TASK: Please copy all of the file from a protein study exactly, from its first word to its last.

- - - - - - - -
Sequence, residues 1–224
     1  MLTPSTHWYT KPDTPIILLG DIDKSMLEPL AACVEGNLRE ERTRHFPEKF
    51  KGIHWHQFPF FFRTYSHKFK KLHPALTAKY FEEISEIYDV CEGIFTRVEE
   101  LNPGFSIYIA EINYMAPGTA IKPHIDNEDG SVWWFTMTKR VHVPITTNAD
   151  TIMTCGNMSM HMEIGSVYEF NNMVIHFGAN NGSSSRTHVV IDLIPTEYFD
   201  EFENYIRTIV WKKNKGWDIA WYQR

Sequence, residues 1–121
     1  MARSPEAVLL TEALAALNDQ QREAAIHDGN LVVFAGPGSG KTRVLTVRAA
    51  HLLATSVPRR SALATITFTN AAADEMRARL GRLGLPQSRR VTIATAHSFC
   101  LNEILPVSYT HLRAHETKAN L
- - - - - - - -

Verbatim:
Sequence, residues 1–224
     1  MLTPSTHWYT KPDTPIILLG DIDKSMLEPL AACVEGNLRE ERTRHFPEKF
    51  KGIHWHQFPF FFRTYSHKFK KLHPALTAKY FEEISEIYDV CEGIFTRVEE
   101  LNPGFSIYIA EINYMAPGTA IKPHIDNEDG SVWWFTMTKR VHVPITTNAD
   151  TIMTCGNMSM HMEIGSVYEF NNMVIHFGAN NGSSSRTHVV IDLIPTEYFD
   201  EFENYIRTIV WKKNKGWDIA WYQR

Sequence, residues 1–121
     1  MARSPEAVLL TEALAALNDQ QREAAIHDGN LVVFAGPGSG KTRVLTVRAA
    51  HLLATSVPRR SALATITFTN AAADEMRARL GRLGLPQSRR VTIATAHSFC
   101  LNEILPVSYT HLRAHETKAN L